Finance undersecretary Gil Beltran has scoffed at Philippine Economic Zone Authority (PEZA) officials for having “a weak grasp of basic economics and accounting” in erroneously claiming that this investment promotion agency has contributed P10 trillion to the Philippine economy over the 2015-2017 period.
“No one has called PEZA an evil, three-headed dragon,” Beltran said in dismissing an earlier PEZA statement that justified the massive amount of incentives it has been granting to its locators. “But based on their statement, PEZA seems to have a weak grasp of basic economics and accounting.”
Beltran, who is also the chief economist of the Department of Finance (DOF), said PEZA’s assertion that it contributed P10 trillion to the economy from 2015 to 2017 is incorrect because “their” method of accounting for its contribution is flawed.”
“For one, PEZA double counted by adding up the total of exports, investment, and capital equipment, and raw materials, which are from the expenditure side; and wages and taxes, which are from the income side. This is a no-no in basic accounting,” Beltran said.
“Like GDP (gross domestic product), benefits can be measured from either the expenditure or income side, but not both.” Beltran said.
He also pointed out that purchases of raw materials are already part of total exports, which means that PEZA also double-counted raw materials.
“PEZA’s calculations are wrong, and the result is that they’ve bloated their contributions,” Beltran said.
The Finance undersecretary said that, although the DOF agrees that exports contribute significantly to the economy, PEZA should “give the whole truth in making its claims.”
PEZA originally said that, from 2015 to 2017, their exports accounted for more than half of the country’s total commodity exports, he said.
“PEZA says that 70 percent of their supposed contribution, or about P7 trillion, to the economy is because of exports,” Beltran said. “What they are hiding is that PEZA exports contain about 80 percent imported inputs, which don’t add value to the local economy.”
He explained that a proper accounting of benefits should subtract imports from total exports to arrive at net exports. In some sectors, like electronics assembly, almost all the parts are imported and are assembled in ecozones, creating very little domestic value-added, he said.
“Assuming their figures are correct in the first place, using the appropriate method to account for exports and remove double-counting wipes out more than half of the P10 trillion they allege to have given back to the economy,” he said.
Through Package 2 of the Comprehensive Tax Reform Program (CTRP), the government seeks to change the status quo of incentive granting, where there is little accountability in the grant of preferential tax rates that PEZA grants forever, regardless of performance.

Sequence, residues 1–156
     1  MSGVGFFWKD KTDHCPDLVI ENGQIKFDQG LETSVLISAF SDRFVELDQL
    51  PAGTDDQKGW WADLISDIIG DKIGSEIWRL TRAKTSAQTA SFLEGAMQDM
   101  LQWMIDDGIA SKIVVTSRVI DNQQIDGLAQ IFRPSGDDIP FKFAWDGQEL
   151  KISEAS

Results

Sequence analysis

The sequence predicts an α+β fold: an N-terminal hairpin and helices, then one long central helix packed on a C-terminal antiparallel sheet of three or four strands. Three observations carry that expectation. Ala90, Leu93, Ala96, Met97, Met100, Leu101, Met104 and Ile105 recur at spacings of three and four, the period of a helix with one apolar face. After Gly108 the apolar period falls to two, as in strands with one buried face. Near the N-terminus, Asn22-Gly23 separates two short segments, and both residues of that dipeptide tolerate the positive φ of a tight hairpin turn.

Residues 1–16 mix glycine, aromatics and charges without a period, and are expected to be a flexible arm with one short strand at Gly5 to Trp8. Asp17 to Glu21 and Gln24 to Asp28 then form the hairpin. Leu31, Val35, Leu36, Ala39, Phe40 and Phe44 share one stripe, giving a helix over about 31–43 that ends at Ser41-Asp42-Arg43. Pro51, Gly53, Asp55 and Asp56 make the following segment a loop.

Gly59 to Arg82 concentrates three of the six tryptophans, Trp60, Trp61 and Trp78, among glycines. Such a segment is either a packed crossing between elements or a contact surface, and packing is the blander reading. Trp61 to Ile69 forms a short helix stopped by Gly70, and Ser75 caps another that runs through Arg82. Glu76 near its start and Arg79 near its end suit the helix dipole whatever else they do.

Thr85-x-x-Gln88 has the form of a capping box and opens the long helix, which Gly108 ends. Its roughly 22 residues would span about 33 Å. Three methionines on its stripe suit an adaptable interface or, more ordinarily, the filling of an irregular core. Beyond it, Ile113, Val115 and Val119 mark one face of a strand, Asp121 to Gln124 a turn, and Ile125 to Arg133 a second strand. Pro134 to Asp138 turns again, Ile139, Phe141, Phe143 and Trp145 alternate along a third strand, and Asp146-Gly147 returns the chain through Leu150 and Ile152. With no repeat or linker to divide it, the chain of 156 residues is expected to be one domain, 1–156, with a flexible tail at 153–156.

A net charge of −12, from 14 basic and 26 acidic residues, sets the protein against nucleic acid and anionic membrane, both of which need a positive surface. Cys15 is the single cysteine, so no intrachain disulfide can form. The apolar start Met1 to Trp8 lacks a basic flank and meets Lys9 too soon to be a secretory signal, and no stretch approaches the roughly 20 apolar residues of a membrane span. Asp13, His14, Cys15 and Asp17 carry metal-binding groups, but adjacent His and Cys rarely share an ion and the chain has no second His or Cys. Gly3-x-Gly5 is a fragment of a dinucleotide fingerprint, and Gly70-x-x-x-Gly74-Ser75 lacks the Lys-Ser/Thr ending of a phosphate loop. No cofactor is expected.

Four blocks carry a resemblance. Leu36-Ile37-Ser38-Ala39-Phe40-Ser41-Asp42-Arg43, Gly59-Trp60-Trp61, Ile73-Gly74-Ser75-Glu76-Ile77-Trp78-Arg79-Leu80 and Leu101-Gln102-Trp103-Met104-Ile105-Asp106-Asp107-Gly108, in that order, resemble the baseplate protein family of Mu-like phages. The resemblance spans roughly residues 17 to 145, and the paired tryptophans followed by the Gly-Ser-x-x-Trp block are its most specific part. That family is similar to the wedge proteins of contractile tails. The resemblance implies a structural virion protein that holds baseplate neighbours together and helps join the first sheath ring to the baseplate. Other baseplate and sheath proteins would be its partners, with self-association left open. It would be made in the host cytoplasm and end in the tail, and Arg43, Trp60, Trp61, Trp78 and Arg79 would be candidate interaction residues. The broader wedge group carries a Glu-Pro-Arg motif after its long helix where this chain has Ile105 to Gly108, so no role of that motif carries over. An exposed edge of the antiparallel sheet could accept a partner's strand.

Based on the data gathered under the Tax Incentives Management and Transparency Act (TIMTA), 585 PEZA locators have been receiving incentives for over 15 years.
“Our analysis has also shown that about half of all companies receiving incentives do in fact contribute to the economy,” Beltran said. “As we’ve mentioned, we are not anti-incentives.”
“Undersecretary Karl Chua even acknowledged that these incentives have yielded some benefits in jobs created and investments in the domestic economy. What the government wants is to modernize the incentives system and make incentives performance-based, targeted, time-bound, and transparent, all practiced in our Southeast Asian neighbors,” Beltran said.
Beltran went on to explain that, in addition to gradually lowering the corporate income tax (CIT) rate, Package 2 aims to institute a single menu of generous incentives that are performance-based, time-bound, targeted, and transparent.
“Transparency has always been an issue here,” Beltran said. “PEZA has yet to account for all the incentives it has granted to locators for over 40 years, which would help make the case that it has performed its mandate.”
Beltran cited the passage of the TIMTA in 2015, which has helped pave the way for a better understanding of the economic impact of tax incentives granted to corporations.
Under Package 2, incentives will be granted for the right reasons and the right investments, including the creation of quality jobs, investments in training, and investments in rural areas and places recovering from calamities and armed conflict, he said.
“Are these reasons so objectionable to PEZA’s leadership?” Beltran stressed.
“As what we’ve been saying for some time now, the indiscriminate granting of incentives should never be used to attract investments,” Beltran said. “In the past, it might have functioned as a band-aid solution to make up for the other problems in the business environment, but the government has already been correcting those problems.”
Beltran said proof that the Duterte administration has been correcting those problems are, among others, its massive investments in infrastructure through the “Build, Build, Build” program; efforts to promote Ease of Doing Business; and the country’s “BBB+” positive credit rating, which signals that the Philippines is a less risky place for investments.
“We value all investors, and no demonization is taking place,” Beltran emphasized. “In fact, PEZA’s current locators may qualify for the superior incentives being offered under CTRP Package 2, and they are certainly welcome to apply. But the fact remains that the current system has been tilted in the favor of a few companies for so long. Hundreds of billions of pesos in tax incentives have not achieved enough. Package 2 will make things fair and level the playing field.”
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